When planning for Search, the first step is always getting a basic understanding on its components: how they work and how they work together, what are the dependencies and constraints. This preparation helps you to define the landmark of Search, and to educate your users and colleagues as well.
The first Search process contains three major steps: crawling, content processing, and indexing. Without these steps, content cannot get displayed in any Search result set. Documents and other items get into the Search Index by this process.
After connecting the source system, the search engine has to gather the content. This step is called "crawling".
There are three major types of crawling in SharePoint and Office 365: full, incremental, and continuous. The most important challenge is scheduling crawls when planning and implementing Search.
See my best practices for crawl types and schedules in LESSON 2.
Once an item gets identified to be crawled, the crawler gathers it and sends to the content processor component. This component does several operations on the item, such as linguistic processing, metadata extraction, entity extraction, permission processing, etc. These operations are organized into a pre-defined sequence.
The input of content processing is the crawled content, and the output is the index-ready, processed extract of content.
You can create your custom pipeline extensions in SharePoint on-prem, if the out-of-the-box content creation is not enough. See more about this option in LESSON 2.
When we implement Hybrid Search, the Crawling process happens on-premises, while the Content Processing and Indexing are done in the cloud. This means only the Crawling process needs on-premises resources, and everything else goes on in the cloud.
Of course, a stable and reliable internet connection is a must.
The trade-off of index vs. federate is quite simple: index, whenever you can. If it is not possible out-of-the-box, consider federation, but with its limitations in mind.
Learn more about indexing and federating in LESSON 2.
The Query Processing component is responsible for receiving the queries from the users, processing them and returning the proper, relevant, and security trimmed results from the search index.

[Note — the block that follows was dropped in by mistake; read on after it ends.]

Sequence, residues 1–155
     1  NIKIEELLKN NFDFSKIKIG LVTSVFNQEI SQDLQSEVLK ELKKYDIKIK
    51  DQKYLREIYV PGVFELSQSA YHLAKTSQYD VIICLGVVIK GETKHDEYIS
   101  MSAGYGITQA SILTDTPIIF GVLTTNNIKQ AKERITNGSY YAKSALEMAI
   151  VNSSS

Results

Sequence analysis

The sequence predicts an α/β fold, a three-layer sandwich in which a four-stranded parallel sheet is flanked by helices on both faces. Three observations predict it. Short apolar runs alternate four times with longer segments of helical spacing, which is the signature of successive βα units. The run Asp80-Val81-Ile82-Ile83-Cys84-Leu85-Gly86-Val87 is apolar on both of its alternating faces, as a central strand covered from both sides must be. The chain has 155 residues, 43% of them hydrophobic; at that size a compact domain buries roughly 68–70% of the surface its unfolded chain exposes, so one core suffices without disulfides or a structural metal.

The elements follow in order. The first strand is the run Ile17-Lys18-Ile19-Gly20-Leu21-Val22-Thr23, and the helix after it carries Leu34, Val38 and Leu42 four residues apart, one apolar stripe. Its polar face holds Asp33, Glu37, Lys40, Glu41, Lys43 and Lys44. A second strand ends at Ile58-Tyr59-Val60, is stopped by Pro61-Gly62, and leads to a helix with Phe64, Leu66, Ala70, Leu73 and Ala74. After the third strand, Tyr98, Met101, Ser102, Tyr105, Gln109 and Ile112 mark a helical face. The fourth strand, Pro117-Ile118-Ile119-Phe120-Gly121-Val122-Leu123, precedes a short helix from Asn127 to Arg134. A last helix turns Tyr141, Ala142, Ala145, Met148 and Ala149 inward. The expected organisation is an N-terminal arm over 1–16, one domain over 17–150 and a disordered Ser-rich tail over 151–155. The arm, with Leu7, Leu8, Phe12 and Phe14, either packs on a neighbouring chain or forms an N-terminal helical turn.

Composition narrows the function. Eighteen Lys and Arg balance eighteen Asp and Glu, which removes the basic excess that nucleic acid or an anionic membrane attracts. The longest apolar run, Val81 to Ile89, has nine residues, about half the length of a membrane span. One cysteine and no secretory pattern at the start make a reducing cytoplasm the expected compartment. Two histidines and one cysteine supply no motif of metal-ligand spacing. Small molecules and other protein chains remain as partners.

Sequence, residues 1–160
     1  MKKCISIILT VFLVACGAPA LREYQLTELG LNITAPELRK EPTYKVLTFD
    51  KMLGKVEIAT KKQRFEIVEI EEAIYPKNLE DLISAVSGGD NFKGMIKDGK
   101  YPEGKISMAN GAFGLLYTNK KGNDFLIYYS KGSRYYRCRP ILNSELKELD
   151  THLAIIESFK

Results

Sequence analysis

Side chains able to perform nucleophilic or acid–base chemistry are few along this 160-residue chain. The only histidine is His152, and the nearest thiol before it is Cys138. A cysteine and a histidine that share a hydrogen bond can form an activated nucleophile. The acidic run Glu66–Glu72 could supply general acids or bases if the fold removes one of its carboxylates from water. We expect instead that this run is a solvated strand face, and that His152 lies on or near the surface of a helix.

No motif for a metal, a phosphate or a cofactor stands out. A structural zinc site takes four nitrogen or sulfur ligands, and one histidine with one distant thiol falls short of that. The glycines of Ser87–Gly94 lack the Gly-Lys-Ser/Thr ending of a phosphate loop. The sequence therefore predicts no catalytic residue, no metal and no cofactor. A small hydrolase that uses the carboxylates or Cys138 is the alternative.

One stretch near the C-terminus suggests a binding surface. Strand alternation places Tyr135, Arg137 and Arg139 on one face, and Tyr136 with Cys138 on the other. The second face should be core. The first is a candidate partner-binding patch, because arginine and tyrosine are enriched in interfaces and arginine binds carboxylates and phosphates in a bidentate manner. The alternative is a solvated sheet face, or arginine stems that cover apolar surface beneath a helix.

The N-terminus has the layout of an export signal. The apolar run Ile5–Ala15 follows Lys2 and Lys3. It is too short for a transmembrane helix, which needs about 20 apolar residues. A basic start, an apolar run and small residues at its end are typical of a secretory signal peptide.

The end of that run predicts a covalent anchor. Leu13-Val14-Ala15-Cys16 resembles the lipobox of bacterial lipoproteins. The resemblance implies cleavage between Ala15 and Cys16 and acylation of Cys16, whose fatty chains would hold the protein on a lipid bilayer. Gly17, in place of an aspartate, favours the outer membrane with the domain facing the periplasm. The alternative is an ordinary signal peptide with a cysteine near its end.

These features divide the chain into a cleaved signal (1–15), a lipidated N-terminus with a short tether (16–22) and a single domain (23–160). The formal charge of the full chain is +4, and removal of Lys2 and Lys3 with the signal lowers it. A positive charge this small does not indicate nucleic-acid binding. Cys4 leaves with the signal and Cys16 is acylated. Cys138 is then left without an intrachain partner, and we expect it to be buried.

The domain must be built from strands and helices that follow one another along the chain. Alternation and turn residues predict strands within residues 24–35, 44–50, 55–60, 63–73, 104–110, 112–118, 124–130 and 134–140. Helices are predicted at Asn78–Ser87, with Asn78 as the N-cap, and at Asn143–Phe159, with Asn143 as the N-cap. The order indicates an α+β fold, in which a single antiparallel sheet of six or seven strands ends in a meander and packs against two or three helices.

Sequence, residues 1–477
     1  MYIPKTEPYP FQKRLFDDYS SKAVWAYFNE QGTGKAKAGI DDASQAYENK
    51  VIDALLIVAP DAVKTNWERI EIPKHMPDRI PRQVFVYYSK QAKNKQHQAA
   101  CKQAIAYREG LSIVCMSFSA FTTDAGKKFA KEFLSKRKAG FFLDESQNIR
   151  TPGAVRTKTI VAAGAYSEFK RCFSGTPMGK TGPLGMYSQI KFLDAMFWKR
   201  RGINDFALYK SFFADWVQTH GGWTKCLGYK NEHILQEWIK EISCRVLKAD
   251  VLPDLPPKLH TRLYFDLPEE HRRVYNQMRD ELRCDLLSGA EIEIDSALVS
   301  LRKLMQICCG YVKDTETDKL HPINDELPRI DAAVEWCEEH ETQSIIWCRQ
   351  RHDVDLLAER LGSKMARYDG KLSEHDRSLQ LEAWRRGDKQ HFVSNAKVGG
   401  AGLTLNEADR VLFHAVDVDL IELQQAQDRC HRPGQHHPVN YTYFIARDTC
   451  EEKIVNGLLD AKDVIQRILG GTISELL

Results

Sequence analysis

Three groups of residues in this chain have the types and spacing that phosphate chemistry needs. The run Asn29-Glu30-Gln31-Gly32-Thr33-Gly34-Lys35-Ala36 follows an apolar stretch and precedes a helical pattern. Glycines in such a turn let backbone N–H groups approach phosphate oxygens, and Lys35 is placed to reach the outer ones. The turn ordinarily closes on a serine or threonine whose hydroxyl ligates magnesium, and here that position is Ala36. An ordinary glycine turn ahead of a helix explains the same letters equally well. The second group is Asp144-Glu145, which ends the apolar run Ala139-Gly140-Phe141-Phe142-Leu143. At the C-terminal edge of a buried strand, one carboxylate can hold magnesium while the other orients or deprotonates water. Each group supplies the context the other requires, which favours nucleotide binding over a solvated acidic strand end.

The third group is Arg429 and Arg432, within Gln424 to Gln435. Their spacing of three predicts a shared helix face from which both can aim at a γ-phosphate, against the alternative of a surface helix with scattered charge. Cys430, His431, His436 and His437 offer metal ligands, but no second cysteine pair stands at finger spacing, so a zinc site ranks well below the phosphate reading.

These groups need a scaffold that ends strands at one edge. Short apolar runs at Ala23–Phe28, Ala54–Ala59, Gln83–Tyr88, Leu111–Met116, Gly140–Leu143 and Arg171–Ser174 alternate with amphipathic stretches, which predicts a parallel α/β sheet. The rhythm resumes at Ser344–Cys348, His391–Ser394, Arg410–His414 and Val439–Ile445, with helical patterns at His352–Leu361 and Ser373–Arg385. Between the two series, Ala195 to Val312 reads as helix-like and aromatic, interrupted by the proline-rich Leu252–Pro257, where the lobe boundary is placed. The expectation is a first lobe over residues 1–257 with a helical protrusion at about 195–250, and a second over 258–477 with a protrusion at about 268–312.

This is the process that runs when the user enters a query and is waiting for the results as a response. The faster the results are presented, the better it is: users don’t like to wait for the results. Slow query response time is at least as bad as getting bad results from Search.
The results also have to be relevant, timely and security trimmed.
Query Processing has a critical role in the success of Search, therefore understanding it is more important than it might seem to be. You will learn about it in LESSON 6.
The 3rd major process of search is Search Analytics.
The analytics reports give us information about how our users use search, and feedback about how to improve and tune up Search. Search Analytics components, as its name suggests, is responsible for analyzing the queries, clicks, result openings, and other user interactions. It stores the analytics information in the proper databases. The gathered information is used to tune the ranking and boost results. Also, various analytics reports can be generated into CSV format.
My favorite analogy is that search is like gardening: You set up your garden, plant the trees and flowers, water them, and enjoy a beautiful first blossoming. However, the work has not ended at that point. If you do not water it regularly, if you do not prune the trees, fertilize and weed the garden, or mow the lawn, your lovely garden can rapidly turn into a barren field or a chaotic jungle.
If you want to have good quality Search, it requires recurring analysis and maintenance. Do it regularly, and make sure the reports get analyzed and considered for further search enhancements, and your search garden stays beautiful and will be blooming.